When you take an everything-all-at-once approach, you can make those kinds of imposter feelings fade away. You slowly come to recognize that the things that benefit you also benefit the people around you. Reducing infectious disease, slowing climate change, and building up developing-world infrastructure all contribute to the global commons. In the long run, being selfish and being self less take you to similar places. Nobody wants poverty. When people are poor, they are much more likely to cause crime; they contribute less to the overall economy; they suffer more disease. The extreme poverty in Chad has a strong influence on health. The average life expectancy there is just 50. You want everybody to have a decent standard of living. Even if you’re a selfish bastard, you want everybody to have a high quality of life for the betterment of you. The best solution may not be the easiest, but it is ultimately in everybody’s interest. That’s why I talk about changing the world for us. In good design, everybody comes out ahead.
The solution to feeling like an imposter is to be authentic, and the path of authenticity is the path to a better world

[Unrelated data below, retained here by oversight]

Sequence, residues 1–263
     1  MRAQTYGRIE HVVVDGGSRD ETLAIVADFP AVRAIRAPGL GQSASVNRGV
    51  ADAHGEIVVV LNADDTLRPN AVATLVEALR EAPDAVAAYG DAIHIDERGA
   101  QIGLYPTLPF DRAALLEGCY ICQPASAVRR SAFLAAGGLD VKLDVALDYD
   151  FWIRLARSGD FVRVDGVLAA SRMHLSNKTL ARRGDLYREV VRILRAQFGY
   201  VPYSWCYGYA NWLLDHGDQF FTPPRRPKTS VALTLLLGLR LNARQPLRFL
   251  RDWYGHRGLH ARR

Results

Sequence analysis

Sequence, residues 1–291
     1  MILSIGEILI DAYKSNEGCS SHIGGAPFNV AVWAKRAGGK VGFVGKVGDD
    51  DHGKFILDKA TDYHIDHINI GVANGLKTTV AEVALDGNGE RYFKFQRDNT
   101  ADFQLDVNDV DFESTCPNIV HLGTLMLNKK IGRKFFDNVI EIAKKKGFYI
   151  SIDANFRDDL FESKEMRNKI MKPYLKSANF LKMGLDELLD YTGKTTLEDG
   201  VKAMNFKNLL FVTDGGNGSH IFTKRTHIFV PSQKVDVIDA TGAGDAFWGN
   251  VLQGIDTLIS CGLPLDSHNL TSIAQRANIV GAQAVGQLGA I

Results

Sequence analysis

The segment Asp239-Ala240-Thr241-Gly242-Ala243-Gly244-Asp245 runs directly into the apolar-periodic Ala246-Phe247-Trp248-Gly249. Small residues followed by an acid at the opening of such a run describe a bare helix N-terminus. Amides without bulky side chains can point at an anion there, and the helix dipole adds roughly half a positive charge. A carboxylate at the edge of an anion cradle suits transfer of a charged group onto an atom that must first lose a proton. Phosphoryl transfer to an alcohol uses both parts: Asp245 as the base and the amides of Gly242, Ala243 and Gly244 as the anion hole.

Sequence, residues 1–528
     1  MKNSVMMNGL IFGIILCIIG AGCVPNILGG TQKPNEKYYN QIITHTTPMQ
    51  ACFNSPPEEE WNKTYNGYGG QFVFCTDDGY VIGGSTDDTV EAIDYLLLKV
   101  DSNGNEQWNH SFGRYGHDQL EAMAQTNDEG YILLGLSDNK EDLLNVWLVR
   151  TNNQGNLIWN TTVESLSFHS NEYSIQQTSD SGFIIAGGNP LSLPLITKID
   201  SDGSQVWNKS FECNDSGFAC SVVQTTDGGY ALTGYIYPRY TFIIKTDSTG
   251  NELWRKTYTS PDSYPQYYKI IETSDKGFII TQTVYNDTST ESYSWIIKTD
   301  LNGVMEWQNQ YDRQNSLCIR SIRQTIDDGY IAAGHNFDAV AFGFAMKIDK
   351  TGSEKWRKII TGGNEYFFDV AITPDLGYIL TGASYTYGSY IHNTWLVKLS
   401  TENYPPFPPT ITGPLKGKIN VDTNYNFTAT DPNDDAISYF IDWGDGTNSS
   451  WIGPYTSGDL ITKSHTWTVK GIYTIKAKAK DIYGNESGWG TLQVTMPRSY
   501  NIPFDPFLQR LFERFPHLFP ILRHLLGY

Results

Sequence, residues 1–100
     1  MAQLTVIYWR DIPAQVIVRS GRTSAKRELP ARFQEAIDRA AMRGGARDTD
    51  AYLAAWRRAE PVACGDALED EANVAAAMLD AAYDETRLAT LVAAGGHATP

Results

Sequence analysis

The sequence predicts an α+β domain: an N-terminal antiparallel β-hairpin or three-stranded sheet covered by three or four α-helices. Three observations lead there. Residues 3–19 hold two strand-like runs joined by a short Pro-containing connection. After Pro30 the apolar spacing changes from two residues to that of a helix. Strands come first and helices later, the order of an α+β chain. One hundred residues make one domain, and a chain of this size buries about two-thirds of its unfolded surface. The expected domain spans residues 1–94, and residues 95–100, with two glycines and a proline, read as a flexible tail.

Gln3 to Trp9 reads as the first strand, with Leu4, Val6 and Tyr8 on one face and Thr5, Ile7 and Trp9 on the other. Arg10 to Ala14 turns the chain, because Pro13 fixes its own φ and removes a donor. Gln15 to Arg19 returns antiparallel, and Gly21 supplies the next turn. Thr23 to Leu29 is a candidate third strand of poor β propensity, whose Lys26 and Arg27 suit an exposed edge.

Then there is the second form of imposter syndrome, perhaps the most common of all. It’s that feeling that the problems in the world—poverty, disease, climate change—are so huge, and the solutions are so complicated and daunting, that it feels absurd to presume that we can really solve them. It is easy to feel presumptuous even in trying; it’s easy to give up and think, I’m not a truly good person after all because I’m not facing up to the hard reality. It’s the flip side of being an actual imposter. When those feelings strike, remember one of the great gifts of nerd honesty. Looking at everything all at once doesn’t mean that you have to solve every problem all at once. Let’s face it— that’s not going to happen. What you can do, though, is apply a rigorous standard to your actions. You can overcome the fear of being an imposter or in over your head. Do your ideas further your own interests by furthering the common good? A positive answer can emerge from small acts as much as from big ones. Your answers don’t need to live up to some absurdly overwhelming standard—just a carefully considered one.
As you know, I love learning new words. Here’s an especially relevant one that Corey Powell just introduced to me: “neltiliztli.” It is an Aztec term meaning “well-rooted, authentic, and true.” It was their guideline for how to live a good life in an uncertain world on a sometimes-dangerous Earth, not by seeking power or affirmation but by doing your best to be in balance with your surroundings. The Aztecs—a society that most of us in the West do not associate with science—came up with a beautifully succinct expression for nerd honesty. The solution to feeling like an imposter is to be authentic, and the path of authenticity is the path to a better world.
Reprinted from Everything All At Once by Bill Nye. Copyright (c) 2017 by Bill Nye. By permission of Rodale Books. Available wherever books are sold.